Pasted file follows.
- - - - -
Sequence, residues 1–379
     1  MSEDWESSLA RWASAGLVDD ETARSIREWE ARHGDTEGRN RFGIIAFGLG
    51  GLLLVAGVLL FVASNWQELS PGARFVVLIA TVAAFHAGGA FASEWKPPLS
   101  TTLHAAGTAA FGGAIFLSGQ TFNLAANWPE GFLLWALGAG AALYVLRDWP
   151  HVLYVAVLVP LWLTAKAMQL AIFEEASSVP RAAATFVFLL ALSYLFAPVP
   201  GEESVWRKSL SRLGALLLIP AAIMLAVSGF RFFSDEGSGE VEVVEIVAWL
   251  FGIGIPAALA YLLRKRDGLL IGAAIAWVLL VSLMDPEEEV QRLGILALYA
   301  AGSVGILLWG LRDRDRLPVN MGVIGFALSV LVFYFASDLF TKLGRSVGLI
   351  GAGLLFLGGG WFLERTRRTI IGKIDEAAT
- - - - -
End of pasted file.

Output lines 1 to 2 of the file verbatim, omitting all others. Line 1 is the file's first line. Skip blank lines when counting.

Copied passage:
Sequence, residues 1–379
     1  MSEDWESSLA RWASAGLVDD ETARSIREWE ARHGDTEGRN RFGIIAFGLG